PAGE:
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Quality improvement

Enhancing Residents' Warmth in Greeting Caregivers: An Inpatient Intervention to Improve Family-Centered Communication

Background: Hospitals are increasingly motivated to improve the patient and family experience and increase patient satisfaction scores. The manner by which a provider greets patients and their families sets the tone for the hospital stay. This study aimed to improve residents' greetings of caregivers in the inpatient pediatric setting to improve family-centered communication. Methods: The study was conducted from October 2017 to April 2018 at a single, urban children's hospital on a unit with patients primarily, 5 years old.

Tue, 02/22/2022 - 12:48

To improve the communication between a community mental health team and its service users, their families and carers

This article describes the application of quality improvement (QI) to solve a long-standing, ongoing problem where service users or their carers felt they were not given enough information regarding diagnosis and medication during clinic assessments in a community mental health setting. Service users and carers had shared feedback that some of the information documented on clinic letters was not accurate and the service users were not given the opportunity to discuss these letters with the clinician.

Tue, 04/13/2021 - 12:44

Improving the Medical Assistance in Dying (MAID) process: A qualitative study of family caregiver perspectives

Objective: The road to legalization of Medical Assistance in Dying (MAID) across Canada has largely focused on legislative details such as eligibility and establishment of regulatory clinical practice standards. Details on how to implement high-quality, person-centered MAID programs at the institutional level are lacking.

Fri, 01/24/2020 - 11:49

Prioritizing problems in and solutions to homecare safety of people with dementia: supporting carers, streamlining care

Background: Dementia care is predominantly provided by carers in home settings. We aimed to identify the priorities for homecare safety of people with dementia according to dementia health and social care professionals using a novel priority-setting method.; Methods: The project steering group determined the scope, the context and the criteria for prioritization. We then invited 185 North-West London clinicians via an open-ended questionnaire to identify three main problems and solutions relating to homecare safety of people with dementia.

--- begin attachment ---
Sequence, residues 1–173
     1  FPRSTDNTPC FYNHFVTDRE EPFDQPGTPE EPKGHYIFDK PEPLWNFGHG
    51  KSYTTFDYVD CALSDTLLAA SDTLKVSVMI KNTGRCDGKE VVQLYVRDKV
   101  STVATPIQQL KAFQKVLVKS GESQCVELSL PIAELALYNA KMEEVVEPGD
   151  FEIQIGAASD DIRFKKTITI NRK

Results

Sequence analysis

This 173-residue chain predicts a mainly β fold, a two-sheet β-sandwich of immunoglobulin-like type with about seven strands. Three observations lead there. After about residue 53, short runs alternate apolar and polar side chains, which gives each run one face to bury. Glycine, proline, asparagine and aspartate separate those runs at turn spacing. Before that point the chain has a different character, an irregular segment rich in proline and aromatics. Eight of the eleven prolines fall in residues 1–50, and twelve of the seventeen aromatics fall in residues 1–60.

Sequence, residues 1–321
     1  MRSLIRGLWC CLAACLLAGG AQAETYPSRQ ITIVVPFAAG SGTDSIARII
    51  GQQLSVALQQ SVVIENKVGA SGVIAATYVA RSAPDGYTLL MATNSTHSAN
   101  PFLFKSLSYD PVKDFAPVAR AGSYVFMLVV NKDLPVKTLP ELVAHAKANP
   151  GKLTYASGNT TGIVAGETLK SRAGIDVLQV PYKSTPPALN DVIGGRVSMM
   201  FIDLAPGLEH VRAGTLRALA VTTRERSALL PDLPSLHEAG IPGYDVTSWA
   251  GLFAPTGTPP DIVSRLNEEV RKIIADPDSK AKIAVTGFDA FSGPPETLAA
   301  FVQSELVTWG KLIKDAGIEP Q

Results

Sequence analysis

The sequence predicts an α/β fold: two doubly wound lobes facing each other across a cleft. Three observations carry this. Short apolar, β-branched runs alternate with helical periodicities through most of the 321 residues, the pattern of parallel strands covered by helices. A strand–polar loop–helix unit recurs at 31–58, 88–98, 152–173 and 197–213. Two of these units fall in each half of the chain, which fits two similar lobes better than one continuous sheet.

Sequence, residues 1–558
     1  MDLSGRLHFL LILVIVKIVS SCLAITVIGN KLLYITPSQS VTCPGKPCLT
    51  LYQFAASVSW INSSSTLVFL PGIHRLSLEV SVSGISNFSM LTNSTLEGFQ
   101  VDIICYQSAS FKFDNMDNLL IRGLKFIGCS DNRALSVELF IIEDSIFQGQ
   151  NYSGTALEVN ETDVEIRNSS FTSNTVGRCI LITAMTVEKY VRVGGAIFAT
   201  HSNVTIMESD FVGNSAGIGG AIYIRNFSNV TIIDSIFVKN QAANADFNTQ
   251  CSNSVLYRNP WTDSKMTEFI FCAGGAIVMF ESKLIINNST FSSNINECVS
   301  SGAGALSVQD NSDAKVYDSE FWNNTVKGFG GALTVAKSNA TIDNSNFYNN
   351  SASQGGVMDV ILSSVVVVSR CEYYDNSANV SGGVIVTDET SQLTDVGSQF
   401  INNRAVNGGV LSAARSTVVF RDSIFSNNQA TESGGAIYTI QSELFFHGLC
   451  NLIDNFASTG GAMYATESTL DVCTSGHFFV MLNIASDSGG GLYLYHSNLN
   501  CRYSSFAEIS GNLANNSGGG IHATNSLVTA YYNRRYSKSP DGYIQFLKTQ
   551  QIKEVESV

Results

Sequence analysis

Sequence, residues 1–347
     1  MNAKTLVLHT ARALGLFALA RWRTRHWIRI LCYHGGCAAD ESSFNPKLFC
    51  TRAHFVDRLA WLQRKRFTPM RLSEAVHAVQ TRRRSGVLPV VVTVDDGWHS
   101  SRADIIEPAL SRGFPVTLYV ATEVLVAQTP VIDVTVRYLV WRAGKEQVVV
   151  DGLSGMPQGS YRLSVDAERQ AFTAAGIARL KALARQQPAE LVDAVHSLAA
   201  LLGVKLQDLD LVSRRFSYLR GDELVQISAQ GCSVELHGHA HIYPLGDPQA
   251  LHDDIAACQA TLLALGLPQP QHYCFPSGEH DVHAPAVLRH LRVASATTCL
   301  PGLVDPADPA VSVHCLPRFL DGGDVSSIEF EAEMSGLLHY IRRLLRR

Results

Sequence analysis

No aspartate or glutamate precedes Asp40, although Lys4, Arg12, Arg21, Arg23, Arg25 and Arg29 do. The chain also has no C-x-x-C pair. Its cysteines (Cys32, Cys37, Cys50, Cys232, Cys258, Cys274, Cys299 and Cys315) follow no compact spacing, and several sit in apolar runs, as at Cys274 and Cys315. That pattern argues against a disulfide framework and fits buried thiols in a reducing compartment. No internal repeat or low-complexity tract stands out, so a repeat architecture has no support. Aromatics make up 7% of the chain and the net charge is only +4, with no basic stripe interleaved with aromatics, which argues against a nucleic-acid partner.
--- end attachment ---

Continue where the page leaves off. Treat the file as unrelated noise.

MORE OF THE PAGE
Wed, 11/21/2018 - 12:51

Supporting carers : early interventions and better outcomes

Over the last two years we have been working together to take forward the National Carers' Strategy, published in 2008, in the context of more personalised support and sustained independence for carers and service users. This paper is the third in a sequence of short reviews designed to stimulate debate and improve the support for carers. At a time when we face many challenges around resources it is doubly important that we keep our sights firmly on the improved outcomes that can be secured through early intervention and preventative support. The review contains five key messages.

Thu, 07/20/2017 - 15:20

Commissioning better outcomes for carers : and knowing if you have : a local needs and response audit support tool

We have been working together to take forward The National Carers’ Strategy, published in 2008 alongside the promotion of more personalised support and sustained independence. This paper is the fourth in a sequence of short reviews designed to stimulate debate and improve support for carers. It links closely to Commissioning for Carers [2009]. The focus of this paper is to help us all to tackle the following question: How will you, carers, and people more generally know if you have improved outcomes for people who give and receive care and support? It is a question not easily answered.

Thu, 07/20/2017 - 15:18

Informal carers' health-related quality of life and patient experience in primary care: evidence from 195,364 carers in England responding to a national survey

Background: We aim to describe the health-related quality of life of informal carers and their experiences of primary care.

Methods: Responses from the 2011-12 English General Practice Patient Survey, including 195,364 informal carers, were analysed using mixed effect logistic regressions controlling for age, gender, ethnicity and social deprivation to describe carer health-related quality of life (mobility, self-care, usual activities, pain, and anxiety/depression, measured using EQ-5D) and primary care experience (access, continuity and communication).

Thu, 07/20/2017 - 15:18

How to stay afloat

Researcher Elinor Nicholas describes how support for carers could be improved even where resources are limited.

Thu, 07/20/2017 - 15:18